This could mean that the account has been compromised in some fashion. Again, ensure you’ve secured the account appropriately, including that all-important password change.

Watch for phishing

This is perhaps the most important action you need to take resulting from the LastPass breach, and it applies whether you stick with LastPass or not.

The problem is that some information included in the breach was not properly secured — specifically the URLS of the services you use, and potentially even your usernames with those services. That means that hackers can use that information to create highly targeted and convincing phishing emails in an attempt to get you to hand over the piece they didn’t get: your password.

You should always be skeptical and keep an eye out for phishing attempts. The LastPass breach just made it that much more important.

Do this

Obviously, my bottom-line recommendation remains to switch to a different password manager that hasn’t lost our trust.

But I also understand that can be an annoying and painful process.

The steps above — many of which apply whether you stay or switch — should help decrease the risk of continuing to use LastPass moving forward.

While you’re thinking about security, why not subscribe to Confident Computing? Less frustration and more confidence, solutions, answers, and tips in your inbox every week.

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Footnotes & References

1: While I can’t confirm this about LastPass’s implementation, it’s common for the master password to be used only to encrypt a long random number, which is the true encryption key for your vault. This allows you to change the master password without having to re-encrypt the entire vault.

16 comments on “Can I Still Use LastPass Safely?”

  1. After many years of using LastPass, the second security breach shattered our trust in their operation. Following Leo’s advice, we bit the bullet and changed. We exported our vault files from LastPass into a CSV file. Then, we installed BitWarden and imported our exported Vault files into it. I was surprised by how seamless this operation was! Now that we’ve been using BitWarden for several months, I prefer it over LastPass. It is easier to get it to auto-fill the password data, and its interface feels more straightforward than that of LastPass. My BitWarden premium membership fee is about the same as I was paying for LastPass. In addition, BitWarden’s customer assistance has been much better than we experienced with LastPass. BitWarden customer service has been very responsive to our questions.

  2. +1 for Bitwarden for all the reasons cited by Rene. Although I cannot fathom anyone being so lazy as to willfully elect to keep using a breached password tool vs spending maybe 30 minutes changing the important passwords and making the switch.

  3. I continue to use LastPass since I had a very long Master Password (28 characters) even before the breach but changed it afterwards just to be safer. I did change the passwords for my important accounts even though they were all more than 16 characters to begin with. I’ve not encountered any problems with my accounts including phishing emails so far (knock on wood).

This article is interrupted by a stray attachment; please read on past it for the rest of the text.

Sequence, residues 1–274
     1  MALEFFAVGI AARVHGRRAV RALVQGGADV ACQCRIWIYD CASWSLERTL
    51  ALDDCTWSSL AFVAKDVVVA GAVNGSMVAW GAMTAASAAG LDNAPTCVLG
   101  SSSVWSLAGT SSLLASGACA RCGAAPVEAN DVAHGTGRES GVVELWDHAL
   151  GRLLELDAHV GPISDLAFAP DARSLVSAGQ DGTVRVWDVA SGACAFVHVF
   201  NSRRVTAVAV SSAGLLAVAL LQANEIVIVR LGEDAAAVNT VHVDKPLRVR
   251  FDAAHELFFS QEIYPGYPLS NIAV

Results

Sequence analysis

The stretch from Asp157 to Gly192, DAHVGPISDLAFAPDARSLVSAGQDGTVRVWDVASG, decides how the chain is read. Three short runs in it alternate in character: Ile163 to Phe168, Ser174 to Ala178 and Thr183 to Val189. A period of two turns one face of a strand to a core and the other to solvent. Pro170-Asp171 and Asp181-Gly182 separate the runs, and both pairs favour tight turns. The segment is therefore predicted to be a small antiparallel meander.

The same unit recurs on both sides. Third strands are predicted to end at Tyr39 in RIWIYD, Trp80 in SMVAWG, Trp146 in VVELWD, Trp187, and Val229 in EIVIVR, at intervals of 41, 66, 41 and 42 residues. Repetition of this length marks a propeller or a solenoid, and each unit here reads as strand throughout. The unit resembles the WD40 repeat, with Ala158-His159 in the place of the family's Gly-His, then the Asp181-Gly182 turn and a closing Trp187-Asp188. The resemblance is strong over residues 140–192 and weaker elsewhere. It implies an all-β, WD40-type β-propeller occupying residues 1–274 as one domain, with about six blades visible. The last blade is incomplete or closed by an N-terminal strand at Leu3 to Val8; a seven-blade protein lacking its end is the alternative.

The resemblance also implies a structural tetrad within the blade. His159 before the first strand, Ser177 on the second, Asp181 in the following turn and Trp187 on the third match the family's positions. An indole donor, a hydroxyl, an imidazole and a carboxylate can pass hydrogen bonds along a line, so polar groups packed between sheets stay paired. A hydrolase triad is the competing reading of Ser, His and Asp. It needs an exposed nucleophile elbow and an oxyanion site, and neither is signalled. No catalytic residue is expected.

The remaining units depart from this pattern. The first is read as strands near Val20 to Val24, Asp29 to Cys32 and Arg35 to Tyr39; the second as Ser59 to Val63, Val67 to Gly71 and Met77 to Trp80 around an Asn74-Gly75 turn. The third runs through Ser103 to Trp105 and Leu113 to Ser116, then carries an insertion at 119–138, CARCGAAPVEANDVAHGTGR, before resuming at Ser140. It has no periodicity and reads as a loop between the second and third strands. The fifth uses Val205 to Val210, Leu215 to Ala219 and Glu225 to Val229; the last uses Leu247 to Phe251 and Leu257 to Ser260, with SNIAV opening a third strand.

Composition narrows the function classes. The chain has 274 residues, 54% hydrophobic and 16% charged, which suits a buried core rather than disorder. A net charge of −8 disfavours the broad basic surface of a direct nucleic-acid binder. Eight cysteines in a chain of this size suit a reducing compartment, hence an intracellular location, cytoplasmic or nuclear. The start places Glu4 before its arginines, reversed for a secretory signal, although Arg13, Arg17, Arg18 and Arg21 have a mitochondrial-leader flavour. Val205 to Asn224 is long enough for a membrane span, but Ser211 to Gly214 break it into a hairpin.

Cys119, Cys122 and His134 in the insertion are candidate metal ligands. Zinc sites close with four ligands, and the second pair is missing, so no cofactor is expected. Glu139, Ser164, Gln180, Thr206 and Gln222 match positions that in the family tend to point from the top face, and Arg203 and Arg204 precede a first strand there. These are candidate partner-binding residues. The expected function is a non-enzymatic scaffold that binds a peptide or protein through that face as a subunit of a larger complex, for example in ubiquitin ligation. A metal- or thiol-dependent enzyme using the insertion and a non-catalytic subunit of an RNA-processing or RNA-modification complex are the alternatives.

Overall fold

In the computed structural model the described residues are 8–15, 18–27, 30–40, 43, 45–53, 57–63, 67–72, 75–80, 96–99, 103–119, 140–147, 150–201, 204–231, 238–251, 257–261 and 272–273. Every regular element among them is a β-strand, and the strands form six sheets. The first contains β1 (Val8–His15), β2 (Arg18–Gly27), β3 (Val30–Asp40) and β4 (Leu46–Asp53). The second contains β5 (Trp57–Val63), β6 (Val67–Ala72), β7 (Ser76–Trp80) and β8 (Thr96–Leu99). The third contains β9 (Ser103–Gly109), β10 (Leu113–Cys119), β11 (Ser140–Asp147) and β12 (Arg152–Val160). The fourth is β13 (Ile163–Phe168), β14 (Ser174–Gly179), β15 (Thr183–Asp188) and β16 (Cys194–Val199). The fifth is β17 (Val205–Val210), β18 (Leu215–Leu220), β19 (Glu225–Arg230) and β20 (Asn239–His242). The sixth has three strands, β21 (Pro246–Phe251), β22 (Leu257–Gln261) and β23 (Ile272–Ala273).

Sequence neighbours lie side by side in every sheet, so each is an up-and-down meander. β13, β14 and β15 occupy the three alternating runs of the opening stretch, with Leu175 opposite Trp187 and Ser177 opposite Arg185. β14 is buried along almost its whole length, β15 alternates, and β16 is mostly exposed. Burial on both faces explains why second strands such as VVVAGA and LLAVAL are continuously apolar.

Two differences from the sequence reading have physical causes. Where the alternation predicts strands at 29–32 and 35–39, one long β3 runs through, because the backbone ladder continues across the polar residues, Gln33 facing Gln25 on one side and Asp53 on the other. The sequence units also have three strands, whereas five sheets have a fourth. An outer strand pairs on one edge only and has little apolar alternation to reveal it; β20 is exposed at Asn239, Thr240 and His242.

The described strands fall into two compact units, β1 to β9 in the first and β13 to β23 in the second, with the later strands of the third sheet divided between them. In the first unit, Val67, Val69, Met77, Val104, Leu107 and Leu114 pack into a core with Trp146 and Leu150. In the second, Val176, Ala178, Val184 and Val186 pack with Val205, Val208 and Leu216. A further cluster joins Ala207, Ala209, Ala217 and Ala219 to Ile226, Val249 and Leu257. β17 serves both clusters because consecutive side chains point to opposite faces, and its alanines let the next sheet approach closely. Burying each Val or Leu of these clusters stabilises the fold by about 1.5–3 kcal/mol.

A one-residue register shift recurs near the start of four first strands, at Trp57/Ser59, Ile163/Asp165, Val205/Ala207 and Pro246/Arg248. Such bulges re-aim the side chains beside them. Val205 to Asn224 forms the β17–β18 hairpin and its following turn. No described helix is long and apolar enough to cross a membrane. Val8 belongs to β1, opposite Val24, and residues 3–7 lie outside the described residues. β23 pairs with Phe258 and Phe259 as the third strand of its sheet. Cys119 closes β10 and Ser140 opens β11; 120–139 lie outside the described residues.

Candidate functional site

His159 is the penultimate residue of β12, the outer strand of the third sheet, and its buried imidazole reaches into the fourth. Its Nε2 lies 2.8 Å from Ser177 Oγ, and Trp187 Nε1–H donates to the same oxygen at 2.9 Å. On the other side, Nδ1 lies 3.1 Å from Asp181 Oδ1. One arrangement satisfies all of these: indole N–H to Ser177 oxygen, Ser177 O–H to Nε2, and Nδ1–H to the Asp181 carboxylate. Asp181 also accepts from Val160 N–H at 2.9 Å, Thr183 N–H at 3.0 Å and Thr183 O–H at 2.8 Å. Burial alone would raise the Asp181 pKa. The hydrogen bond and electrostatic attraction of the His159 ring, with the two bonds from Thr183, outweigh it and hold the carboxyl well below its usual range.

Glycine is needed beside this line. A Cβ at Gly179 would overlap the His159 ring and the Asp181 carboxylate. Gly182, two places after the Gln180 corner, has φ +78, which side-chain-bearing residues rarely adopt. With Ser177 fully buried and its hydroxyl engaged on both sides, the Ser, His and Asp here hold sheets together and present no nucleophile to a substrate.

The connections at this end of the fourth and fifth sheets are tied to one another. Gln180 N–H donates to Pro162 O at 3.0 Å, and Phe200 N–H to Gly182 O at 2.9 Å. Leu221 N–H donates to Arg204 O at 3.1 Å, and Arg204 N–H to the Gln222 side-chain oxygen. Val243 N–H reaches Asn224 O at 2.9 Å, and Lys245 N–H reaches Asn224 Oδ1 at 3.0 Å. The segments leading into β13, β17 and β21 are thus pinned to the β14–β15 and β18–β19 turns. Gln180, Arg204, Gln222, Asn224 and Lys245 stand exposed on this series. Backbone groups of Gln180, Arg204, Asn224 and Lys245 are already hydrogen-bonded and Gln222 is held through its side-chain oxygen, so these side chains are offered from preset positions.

I can tell you that when I changed my Master Password, LastPass popped up a message informing me that it would re-encrypt my vault based on the new Master Password. So evidently changing the Master Password or the iterations number causes a re-encryption. I had changed the iterations to 600,000 before the breach & that caused a re-encryption. I’ll follow Leo’s suggestion & up that number higher.

  4. Like Ron (above), I’ve elected to remain with LastPass (for now). I honestly believe in the ‘Three strikes and you’re out’ theory. LastPass has two strikes against them now.

    I’ve increased my vault’s iteration count to at least 600,000 as recommended by LastPass and I took the time to go through all my accounts (one at a time). For those accounts I use or need to keep (for any reason) I changed the password to a new one with at least sixteen characters and enabled 2FA where it’s supported. When I encountered a site that does not support 2FA, I contacted the webmaster to ask why. For those sites whose answers were either not forthcoming or sounded like so much Blah-blah-blah, I requested that my account and all related information be closed/deleted. All but two complied. For those two, I ‘updated’ my account information with false data (I took the time to create a ‘temporary’ gmail account and then deleted it after I finished going through my vault). For the accounts I don’t use/need, I requested it be closed/deleted. All but one (NewEgg, but that is an entirely different story) have complied. After I received confirmation that an account has been closed/deleted, I then removed it from my vault (I moved the accounts to be closed/deleted to an ‘action needed’ folder to keep track of them). This process took about a week, working on the project in my spare time. I have no estimate for the amount of time I invested, but it was significant.